Just In: Out in the Dark

In partnership with Network Releasing BFFS are able to offer screening rights for Out in the Dark ahead of its DVD release! Out in the Dark is available to screen now – two months before general release.

OITD_J&A1_hires Kopie[2]Out in the Dark | Michael Mayer | 2012 | Israel, Palestine, US | 96 mins | 15

Nimr, a talented student living in the West Bank longs for a better life abroad. On a night out in Tel Aviv he meets Roy, a young Israeli lawyer, and the two fall in love. But Nimr becomes trapped between a society that rejects him for his sexuality and one that shuns his nationality.

Mayer’s award-winning début film is a tense, provocative film that combines two serious issues – gay rights and Israeli-Palestinian tensions – into a deeply rewarding, and challenging whole. Out in the Dark depicts a love affair in the shadow of an international conflict where borders, family and homophobia challenge Nimr and Roy’s future.

Out in the Dark opens with Nimr sneaking into Tel Aviv to visit a gay club where his friend Mustafa is performing. There Nimr meets Roy as they both struggle to get service from the bartender. They hit it off, and fortunately the chemistry between the actors feels entirely genuine – a necessity for any love story – and it is only at the end of the night when Nimr has to sneak back that he admits to Roy that he is a Palestinian. Roy isn’t too fazed by it and insists on seeing Nimr again. Fortunately for them both Nimr is accepted onto a course at the university in Tel Aviv and is given a permit to cross over. With his new-found freedom Nimr is able to develop a relationship with Roy.

Yet it is inevitable that problems will arise. For a start we know that Nimr is hiding his sexuality from his family and that his brother is storing weapons in the basement. Indeed it is not long before events being to turn against Nimr. Mayer builds a claustrophobic atmosphere which reaches its peak when Mustafa is deported by the Israeli secret police and subsequently murdered in Palestine – with the perpetrators seemingly undecided as to whether they are killing him because he is a suspected collaborator or because he is gay. Soon afterwards Nimr himself finds himself receiving the attentions of the Secret Police who want him to inform on his family.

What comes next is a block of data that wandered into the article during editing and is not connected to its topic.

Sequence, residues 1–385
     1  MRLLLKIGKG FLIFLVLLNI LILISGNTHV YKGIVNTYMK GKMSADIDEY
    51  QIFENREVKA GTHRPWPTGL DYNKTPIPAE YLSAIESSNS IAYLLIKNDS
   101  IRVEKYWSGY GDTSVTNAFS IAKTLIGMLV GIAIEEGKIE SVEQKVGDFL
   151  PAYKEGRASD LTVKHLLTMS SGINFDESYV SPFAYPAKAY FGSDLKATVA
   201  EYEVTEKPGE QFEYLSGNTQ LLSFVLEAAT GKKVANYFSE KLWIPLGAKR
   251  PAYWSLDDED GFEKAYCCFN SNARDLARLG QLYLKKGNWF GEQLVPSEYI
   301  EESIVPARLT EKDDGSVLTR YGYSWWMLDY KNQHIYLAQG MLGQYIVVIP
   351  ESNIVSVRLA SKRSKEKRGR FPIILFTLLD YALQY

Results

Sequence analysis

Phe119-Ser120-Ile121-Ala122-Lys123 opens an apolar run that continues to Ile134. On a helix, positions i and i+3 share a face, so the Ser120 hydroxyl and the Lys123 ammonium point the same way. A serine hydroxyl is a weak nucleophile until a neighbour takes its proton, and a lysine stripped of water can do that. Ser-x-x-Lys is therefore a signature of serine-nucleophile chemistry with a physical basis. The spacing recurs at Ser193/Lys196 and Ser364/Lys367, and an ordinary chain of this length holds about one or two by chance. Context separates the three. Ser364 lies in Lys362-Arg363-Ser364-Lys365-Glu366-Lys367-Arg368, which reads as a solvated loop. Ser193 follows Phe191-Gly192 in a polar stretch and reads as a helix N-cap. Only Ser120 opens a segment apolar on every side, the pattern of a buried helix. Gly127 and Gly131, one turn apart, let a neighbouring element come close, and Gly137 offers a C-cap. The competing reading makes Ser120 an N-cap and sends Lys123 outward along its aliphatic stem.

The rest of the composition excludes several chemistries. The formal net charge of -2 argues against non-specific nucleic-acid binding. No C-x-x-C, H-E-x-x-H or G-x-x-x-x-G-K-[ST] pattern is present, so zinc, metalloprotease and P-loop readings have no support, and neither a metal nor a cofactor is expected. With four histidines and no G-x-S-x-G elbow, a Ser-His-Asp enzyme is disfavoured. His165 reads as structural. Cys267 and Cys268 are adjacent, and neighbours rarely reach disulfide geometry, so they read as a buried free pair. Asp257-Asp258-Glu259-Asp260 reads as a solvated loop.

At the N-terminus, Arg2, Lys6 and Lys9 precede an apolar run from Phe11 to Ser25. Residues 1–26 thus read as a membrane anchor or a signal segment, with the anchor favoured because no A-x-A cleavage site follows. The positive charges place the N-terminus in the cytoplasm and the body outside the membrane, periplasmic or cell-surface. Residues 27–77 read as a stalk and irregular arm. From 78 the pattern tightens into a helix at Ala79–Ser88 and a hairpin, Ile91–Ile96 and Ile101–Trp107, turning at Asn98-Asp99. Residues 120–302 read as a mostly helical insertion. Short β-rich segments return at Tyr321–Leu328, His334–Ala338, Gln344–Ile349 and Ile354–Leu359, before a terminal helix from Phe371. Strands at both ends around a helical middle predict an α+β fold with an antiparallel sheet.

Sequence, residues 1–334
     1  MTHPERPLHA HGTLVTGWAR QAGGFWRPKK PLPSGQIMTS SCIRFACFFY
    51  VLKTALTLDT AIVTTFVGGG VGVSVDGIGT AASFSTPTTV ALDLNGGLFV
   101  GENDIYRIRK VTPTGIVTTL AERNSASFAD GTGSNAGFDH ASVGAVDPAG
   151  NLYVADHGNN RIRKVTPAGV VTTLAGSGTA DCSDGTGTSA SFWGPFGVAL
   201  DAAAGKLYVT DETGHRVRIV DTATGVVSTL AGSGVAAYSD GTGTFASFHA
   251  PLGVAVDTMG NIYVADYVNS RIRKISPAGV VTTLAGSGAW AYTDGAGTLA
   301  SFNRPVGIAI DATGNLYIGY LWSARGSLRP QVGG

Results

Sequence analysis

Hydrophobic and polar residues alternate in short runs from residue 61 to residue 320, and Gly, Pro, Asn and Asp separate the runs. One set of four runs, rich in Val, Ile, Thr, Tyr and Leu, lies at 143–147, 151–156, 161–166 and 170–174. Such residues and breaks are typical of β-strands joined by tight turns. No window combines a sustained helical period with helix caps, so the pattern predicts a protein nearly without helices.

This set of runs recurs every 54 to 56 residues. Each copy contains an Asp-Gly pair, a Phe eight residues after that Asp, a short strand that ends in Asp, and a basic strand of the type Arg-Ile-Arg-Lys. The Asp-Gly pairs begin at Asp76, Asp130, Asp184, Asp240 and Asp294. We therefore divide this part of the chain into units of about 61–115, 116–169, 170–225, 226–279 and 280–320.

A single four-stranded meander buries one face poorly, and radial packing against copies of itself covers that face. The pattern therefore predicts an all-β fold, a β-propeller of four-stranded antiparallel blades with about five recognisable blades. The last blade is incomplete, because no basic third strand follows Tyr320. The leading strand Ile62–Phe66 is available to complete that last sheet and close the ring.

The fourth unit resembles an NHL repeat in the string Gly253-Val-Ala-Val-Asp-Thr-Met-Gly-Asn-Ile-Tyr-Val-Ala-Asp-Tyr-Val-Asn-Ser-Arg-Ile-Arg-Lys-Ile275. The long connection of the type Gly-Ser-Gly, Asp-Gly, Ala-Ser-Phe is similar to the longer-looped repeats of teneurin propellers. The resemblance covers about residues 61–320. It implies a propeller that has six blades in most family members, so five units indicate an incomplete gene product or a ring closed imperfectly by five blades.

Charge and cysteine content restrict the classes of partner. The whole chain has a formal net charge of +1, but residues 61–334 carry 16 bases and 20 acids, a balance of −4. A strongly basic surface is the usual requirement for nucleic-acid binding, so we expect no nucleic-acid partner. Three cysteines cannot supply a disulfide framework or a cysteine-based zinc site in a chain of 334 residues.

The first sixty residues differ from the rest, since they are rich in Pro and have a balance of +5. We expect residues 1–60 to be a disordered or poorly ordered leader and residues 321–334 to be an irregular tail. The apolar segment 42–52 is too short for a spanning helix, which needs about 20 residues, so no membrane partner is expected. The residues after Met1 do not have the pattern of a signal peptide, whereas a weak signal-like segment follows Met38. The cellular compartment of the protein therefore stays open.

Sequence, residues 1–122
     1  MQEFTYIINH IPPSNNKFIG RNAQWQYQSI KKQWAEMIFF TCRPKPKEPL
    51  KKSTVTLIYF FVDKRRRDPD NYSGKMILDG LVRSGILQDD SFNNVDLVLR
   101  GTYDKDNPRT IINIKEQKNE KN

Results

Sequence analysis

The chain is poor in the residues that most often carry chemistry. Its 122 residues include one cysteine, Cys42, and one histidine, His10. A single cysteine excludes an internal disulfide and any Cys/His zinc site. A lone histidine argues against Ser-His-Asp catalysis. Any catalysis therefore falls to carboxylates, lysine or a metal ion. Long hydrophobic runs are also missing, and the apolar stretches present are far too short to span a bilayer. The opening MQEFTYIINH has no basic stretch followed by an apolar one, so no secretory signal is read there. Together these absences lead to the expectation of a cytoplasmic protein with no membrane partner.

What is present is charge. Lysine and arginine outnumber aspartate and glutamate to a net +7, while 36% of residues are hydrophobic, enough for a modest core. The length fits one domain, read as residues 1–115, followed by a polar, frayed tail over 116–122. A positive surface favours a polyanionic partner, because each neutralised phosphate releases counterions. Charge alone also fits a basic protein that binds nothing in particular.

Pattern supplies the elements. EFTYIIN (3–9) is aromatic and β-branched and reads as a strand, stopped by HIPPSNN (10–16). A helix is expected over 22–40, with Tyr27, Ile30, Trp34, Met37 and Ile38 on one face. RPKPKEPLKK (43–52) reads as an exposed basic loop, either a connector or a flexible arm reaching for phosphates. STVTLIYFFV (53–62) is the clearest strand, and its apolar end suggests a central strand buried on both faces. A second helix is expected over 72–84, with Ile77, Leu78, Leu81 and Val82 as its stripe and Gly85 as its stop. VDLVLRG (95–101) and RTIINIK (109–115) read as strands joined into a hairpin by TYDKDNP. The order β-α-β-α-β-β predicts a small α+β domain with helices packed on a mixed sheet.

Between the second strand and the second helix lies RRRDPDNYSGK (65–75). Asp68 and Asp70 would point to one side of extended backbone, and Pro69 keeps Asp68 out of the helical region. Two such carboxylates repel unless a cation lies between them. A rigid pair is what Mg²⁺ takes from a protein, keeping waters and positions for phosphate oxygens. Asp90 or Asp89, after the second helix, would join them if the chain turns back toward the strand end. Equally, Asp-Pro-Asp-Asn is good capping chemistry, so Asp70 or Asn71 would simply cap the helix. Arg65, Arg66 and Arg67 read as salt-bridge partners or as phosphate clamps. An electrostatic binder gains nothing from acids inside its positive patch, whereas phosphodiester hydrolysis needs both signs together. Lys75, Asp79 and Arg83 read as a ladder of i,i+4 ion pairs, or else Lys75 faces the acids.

Out in the Dark explores the conflict between Nimr’s sexuality and his nationality. Nimr cannot be a Palestinian because he is gay and he cannot be an Israeli because of his origin and family. He is fated to be an outsider whichever side of the fence he finds himself. The only place he feels that he belongs is with Roy.

Mayer allows enough time before the walls start closing in to firmly establish his characters and our sympathies with them. Nimr’s family life is fraught but they are all dedicated to each other. As the central relationship of the story Nimr and Roy’s love is allowed time to develop to the extent that we believe that they would be prepared to throw everything away for one another. As such the dramatic events of the second half seem justified and more believable than they otherwise would.

Out in the Dark is rooted within a terrifying real-world situation and illustrates the human suffering that affects even those who are not involved in the direct conflict. Nimr’s situation is largely hopeless, and he is not too naive to realise that but he is also determined that some things are worth striving for – and in his case it is Roy and a life in which he is able to be who he is.

OITD_pool2_hires Kopie[2]

BFFS has partnered with Network releasing to offer advance bookings on Out in the Dark which will be available two months before the general DVD release. The director Michael Mayer has also recorded a personal introduction to the film for film societies and community cinemas which will be on the disc. Out in the Dark is available to screen from 1st September 2013 ahead of its DVD release on the 11th November.

Book the film.